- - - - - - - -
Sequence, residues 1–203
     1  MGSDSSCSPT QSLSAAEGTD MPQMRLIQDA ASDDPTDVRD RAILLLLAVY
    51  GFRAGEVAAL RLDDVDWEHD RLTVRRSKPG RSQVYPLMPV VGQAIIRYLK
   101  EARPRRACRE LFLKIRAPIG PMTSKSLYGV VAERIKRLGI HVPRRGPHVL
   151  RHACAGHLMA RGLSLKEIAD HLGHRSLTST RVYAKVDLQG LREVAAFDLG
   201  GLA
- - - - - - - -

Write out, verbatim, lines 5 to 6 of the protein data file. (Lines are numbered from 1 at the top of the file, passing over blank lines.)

   151  RHACAGHLMA RGLSLKEIAD HLGHRSLTST RVYAKVDLQG LREVAAFDLG
   201  GLA